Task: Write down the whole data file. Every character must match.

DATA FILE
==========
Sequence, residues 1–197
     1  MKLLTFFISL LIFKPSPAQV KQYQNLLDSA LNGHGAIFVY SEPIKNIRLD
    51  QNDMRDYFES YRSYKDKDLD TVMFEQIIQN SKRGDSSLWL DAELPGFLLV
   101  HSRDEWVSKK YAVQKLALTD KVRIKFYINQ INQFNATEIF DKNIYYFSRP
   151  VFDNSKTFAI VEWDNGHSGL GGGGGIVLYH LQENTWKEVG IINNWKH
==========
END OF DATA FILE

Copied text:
Sequence, residues 1–197
     1  MKLLTFFISL LIFKPSPAQV KQYQNLLDSA LNGHGAIFVY SEPIKNIRLD
    51  QNDMRDYFES YRSYKDKDLD TVMFEQIIQN SKRGDSSLWL DAELPGFLLV
   101  HSRDEWVSKK YAVQKLALTD KVRIKFYINQ INQFNATEIF DKNIYYFSRP
   151  VFDNSKTFAI VEWDNGHSGL GGGGGIVLYH LQENTWKEVG IINNWKH